If you feel like extending the walk – and I suggest you do – the walkway starting at the southern end of Fish Hoek Beach will take you to Sunny Cove Station, about a kilometre away. It’s a really scenic walk worth doing for its own sake, or you can continue from there to Simon’s Town. It’s easiest to take the bridge across the railway line, and walk along the road – but right next to the sea. After about five kays or so, you’re in the fascinating, historic Simon’s Town with just over a kilometre of more restaurants, cute little shops and fabulous Victorian buildings. I recommend The Sweetest Thing for upping the blood sugar and getting a caffeine boost. And for lunch you can’t beat Neptune’s Galley in the False Bay Yacht Club. It’s unpretentious and affordable, the food is tasty and plentiful, the beer is cold, and you can keep a beady eye on the kids playing on the lawn while you daydream about travelling the world as you watch the masts bobbing up and down in the marina. And don’t miss Boulder’s Beach and the penguins. If you fancy, you can even do an escorted penguin-watching paddle with Kayak Cape Town. 

There are loads of museums on this route, so it can be a cultural experience as well. Muizenberg has quite a few museums but some are open only intermittently if at all. The SAPS Museum offers an insight into South African history from the perspective of those who broke the law and those who tried to uphold it, the second oldest building in Cape Town  – Het Posthuys – is still standing, and Rhodes’ Cottage is where Rhodes Did Fall – it’s where he died at the tender age of 48). The Fish Hoek Valley Museum is a bit of a walk from the beach, but it’s a must-see if you are into pre-history, as it depicts the excavation of interesting local Stone Age remains. The Simons Town Museum documents Simons Town’s connection with the Dutch East India Company and the British Navy, while the Simons Town Heritage Museum details the significant Muslim contribution to the development of the town and also – sadly – the history of forced removal. Simon’s Town is a naval town with lots of military history, and much of which can be explored in the South African Naval Museum, or visit the statue of Just Nuisance, South Africa’s only canine able seaman. Still a tad militaristic is the Warrior Toy Museum, with a huge collection of lead soldiers. (The best soldier is a lead soldier.) But it also has a model railway that even TBBT’s Sheldon would rave over, and enough teddy bears for a picnic.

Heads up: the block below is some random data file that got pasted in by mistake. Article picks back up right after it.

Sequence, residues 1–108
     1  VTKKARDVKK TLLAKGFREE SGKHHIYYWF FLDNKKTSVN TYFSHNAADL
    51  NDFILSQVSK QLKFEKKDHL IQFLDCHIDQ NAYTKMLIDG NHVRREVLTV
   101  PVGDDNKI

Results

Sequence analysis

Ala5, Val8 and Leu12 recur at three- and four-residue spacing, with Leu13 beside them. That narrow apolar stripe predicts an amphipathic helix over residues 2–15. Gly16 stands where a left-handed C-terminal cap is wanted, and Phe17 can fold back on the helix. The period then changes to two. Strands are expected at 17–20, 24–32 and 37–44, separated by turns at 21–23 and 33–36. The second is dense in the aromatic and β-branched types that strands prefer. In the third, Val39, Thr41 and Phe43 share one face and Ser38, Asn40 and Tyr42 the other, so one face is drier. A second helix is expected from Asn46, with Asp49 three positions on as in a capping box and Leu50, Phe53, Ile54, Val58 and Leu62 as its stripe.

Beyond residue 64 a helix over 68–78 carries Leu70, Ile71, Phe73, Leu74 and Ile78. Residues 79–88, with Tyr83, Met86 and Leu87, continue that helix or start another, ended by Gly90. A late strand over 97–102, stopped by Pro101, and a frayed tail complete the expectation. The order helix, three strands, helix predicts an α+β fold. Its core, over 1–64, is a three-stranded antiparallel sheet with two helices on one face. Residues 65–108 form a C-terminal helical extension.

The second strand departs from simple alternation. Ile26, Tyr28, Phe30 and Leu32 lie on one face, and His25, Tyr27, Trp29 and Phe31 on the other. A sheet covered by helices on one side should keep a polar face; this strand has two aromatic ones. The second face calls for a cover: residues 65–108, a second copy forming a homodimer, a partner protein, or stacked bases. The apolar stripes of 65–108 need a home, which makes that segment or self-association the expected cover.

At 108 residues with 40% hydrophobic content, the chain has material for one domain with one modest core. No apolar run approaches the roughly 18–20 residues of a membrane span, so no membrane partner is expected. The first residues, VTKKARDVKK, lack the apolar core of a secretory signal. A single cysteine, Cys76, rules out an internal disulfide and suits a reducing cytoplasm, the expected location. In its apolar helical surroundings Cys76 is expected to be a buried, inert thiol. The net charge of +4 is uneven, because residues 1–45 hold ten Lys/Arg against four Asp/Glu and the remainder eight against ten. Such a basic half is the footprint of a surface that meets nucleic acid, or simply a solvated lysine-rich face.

Resources
Cape Point Route for accommodation options www.capepointroute.co.za, 21 
789 0093
Kayak Cape Town www.kayakcapetown.co.za, 082 501-8930
Simon’s Town Heritage Museum, open only on Sundays or by appointment. www.muslim.co.za/tourism/placestovisit/heritage_museum_simonstown, 021 786 2302.
South African Naval Museum 021 787-4686
Simon’s Town Museum 021 786-3046, www.simonstown.com/museum/index.html 
Boulder’s Beach is part of Table Mountain National Park, www.sanparks.co.za/parks/table_mountain, and a wild card will get you in for free. Otherwise it’s R70 for adults, R35 for children
Het Posthuys Museum is only open by appointment. Call the Muizenberg Historical Society (which also offers guided historical walks). 082 908-3456
Warrior Toy Museum is open daily (Mon to Sun) 10h00-16h00. 021 786 1395 
Brass Bell www.brassbell.co.za, 021 788-5455
Olympia Cafe 021 788-6396, www.olympiacafe.co.za 
Rhodes Cottage, is closed for renovation but it should reopen late winter or early spring contact the historical society to find out if it has reopened. 082 908-3456
C’est la Vie 083 676-7430
Kalky’s 021 788 1726
The Sweetest Thing 021 786 4200
Neptune’s Galley 021 786 4638
Fish Hoek Valley Museum 021 782 1752
SAPS Museum is open Monday to Friday 08h00 to 15h30 021 788-7035